A few years ago researchers in California received widespread attention for showing that dogs can smell cancer on a human’s breath. With 99 percent accuracy the canines could detect if a person had lung or breast cancer, beating the best figures from standard laboratory tests. Subsequent studies confirmed the results and provided further evidence that dogs really are man’s best friend.
The problem with cancer-detecting dogs is that, well, they’re dogs. Hospitals haven’t embraced the idea of a diagnostic tool that poops, barks, and requires feeding. With such concerns in mind, technology startups have hustled to build digital devices that can mimic the dogs’ olfactory sense and reduce the need for biopsies and CAT scans. Metabolomx, a 12-person outfit in Mountain View, Calif., now appears on the fast track—insofar as such a thing exists in the heavily regulated medical field—to bringing a cancer-sniffing device to market.
The Metabolomx machine looks like a desktop PC with a hose attached. It sits on a cart that can be wheeled up to a patient, who is instructed to breathe in and out for about four minutes. The machine analyzes the breath and its volatile organic compounds, or VOCs—aerosolized molecules that, among other things, determine how something smells. Tumors produce their own VOCs, which pass into the bloodstream. The lungs create a bridge between the bloodstream and airways, so the breath exhaled by a patient will carry the VOC signatures of a tumor if one is present. “It may seem surprising, but it’s actually very straightforward,” says Paul Rhodes, the co-founder and chief executive officer at Metabolomx.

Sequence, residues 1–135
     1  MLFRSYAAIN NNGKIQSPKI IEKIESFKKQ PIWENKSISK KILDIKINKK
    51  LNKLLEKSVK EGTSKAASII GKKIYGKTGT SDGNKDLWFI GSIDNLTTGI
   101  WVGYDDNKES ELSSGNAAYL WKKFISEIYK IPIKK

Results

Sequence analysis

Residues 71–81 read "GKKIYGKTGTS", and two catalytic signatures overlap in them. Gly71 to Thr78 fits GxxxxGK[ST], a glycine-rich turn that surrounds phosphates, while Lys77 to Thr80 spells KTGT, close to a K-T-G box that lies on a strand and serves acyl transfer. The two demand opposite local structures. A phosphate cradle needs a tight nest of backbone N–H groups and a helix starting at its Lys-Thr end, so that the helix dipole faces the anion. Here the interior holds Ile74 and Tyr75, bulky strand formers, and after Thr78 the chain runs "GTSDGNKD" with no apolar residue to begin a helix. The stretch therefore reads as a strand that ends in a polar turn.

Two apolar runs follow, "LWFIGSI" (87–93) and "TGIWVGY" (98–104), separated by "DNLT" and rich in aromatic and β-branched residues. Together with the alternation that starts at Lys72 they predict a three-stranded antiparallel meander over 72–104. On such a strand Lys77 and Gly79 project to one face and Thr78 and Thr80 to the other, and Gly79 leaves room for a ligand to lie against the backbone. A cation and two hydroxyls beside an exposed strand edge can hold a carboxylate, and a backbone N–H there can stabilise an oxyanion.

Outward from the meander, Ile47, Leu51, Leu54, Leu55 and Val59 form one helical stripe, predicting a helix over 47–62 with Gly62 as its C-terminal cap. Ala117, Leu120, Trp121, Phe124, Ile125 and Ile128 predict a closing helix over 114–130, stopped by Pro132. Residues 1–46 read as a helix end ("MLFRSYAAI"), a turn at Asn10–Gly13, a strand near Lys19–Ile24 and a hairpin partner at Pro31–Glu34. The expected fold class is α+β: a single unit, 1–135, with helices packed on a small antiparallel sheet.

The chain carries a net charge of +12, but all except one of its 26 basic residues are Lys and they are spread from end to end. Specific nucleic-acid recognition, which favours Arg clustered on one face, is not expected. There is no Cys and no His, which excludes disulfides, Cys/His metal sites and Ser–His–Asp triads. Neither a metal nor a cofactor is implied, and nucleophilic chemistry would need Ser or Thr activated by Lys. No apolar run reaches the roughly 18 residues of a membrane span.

Dr. Peter Mazzone, a lung cancer expert at the Cleveland Clinic, recently published results from a trial he ran with an early version of the Metabolomx machine. He studied 229 people and found that the machine could detect lung cancer more than 80 percent of the time. Just as intriguing, the machine outdid the dogs by distinguishing between different forms of lung cancer with about 85 percent accuracy, giving the doctor insight into whether a patient had an aggressive case. The goal now is to use a far more sensitive, updated version of the machine in new trials and see if it can get to 93 percent accuracy—a figure doctors say would make the device viable for widespread use.
Much of the technology behind the Metabolomx machine came from research done by co-founder Kenneth Suslick, a professor of materials science and engineering at the University of Illinois. Suslick and his team created a way to form sponges made of silicon, each about half a millimeter across, that are combined with a pigment. Dozens are laid on a plastic film. As VOCs such as toluene (a lung cancer indicator) interact with the film, the sponges change color to show how strongly they are reacting to the various compounds. The scent of an orange will throw off a pattern of multicolored balls distinct from that of a lemon, for example.
Having a bit of fun with the technology, Suslick has published scientific papers showing his ability to distinguish between very similar products. The sensors prove that dark sodas like Coke and Pepsi share many similarities but enough unique characteristics to tell them apart. Suslick’s technology can even tell the difference between various Starbucks blends, while also disclosing that Folgers decaf smells almost identical to original Maxwell House.